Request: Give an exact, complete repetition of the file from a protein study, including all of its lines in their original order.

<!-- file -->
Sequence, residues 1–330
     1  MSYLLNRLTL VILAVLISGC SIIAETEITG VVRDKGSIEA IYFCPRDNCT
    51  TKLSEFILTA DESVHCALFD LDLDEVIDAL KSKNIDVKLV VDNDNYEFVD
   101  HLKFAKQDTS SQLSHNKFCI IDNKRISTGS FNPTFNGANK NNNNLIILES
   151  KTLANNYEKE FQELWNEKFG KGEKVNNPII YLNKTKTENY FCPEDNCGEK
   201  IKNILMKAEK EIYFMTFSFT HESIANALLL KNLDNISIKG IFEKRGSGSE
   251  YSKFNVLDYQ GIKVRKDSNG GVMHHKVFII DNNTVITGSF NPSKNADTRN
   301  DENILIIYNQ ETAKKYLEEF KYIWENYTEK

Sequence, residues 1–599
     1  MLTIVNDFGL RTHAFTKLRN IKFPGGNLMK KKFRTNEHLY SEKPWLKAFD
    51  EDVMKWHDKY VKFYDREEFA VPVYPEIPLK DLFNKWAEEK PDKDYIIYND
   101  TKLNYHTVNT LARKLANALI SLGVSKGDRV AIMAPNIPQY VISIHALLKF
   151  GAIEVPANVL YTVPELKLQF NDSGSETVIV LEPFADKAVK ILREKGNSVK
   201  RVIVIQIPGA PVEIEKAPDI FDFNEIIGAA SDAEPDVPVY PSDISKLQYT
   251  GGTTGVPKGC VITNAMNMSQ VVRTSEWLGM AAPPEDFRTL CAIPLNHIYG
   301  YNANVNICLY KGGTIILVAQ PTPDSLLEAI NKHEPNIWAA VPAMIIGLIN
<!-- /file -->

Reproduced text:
Sequence, residues 1–330
     1  MSYLLNRLTL VILAVLISGC SIIAETEITG VVRDKGSIEA IYFCPRDNCT
    51  TKLSEFILTA DESVHCALFD LDLDEVIDAL KSKNIDVKLV VDNDNYEFVD
   101  HLKFAKQDTS SQLSHNKFCI IDNKRISTGS FNPTFNGANK NNNNLIILES
   151  KTLANNYEKE FQELWNEKFG KGEKVNNPII YLNKTKTENY FCPEDNCGEK
   201  IKNILMKAEK EIYFMTFSFT HESIANALLL KNLDNISIKG IFEKRGSGSE
   251  YSKFNVLDYQ GIKVRKDSNG GVMHHKVFII DNNTVITGSF NPSKNADTRN
   301  DENILIIYNQ ETAKKYLEEF KYIWENYTEK

Sequence, residues 1–599
     1  MLTIVNDFGL RTHAFTKLRN IKFPGGNLMK KKFRTNEHLY SEKPWLKAFD
    51  EDVMKWHDKY VKFYDREEFA VPVYPEIPLK DLFNKWAEEK PDKDYIIYND
   101  TKLNYHTVNT LARKLANALI SLGVSKGDRV AIMAPNIPQY VISIHALLKF
   151  GAIEVPANVL YTVPELKLQF NDSGSETVIV LEPFADKAVK ILREKGNSVK
   201  RVIVIQIPGA PVEIEKAPDI FDFNEIIGAA SDAEPDVPVY PSDISKLQYT
   251  GGTTGVPKGC VITNAMNMSQ VVRTSEWLGM AAPPEDFRTL CAIPLNHIYG
   301  YNANVNICLY KGGTIILVAQ PTPDSLLEAI NKHEPNIWAA VPAMIIGLIN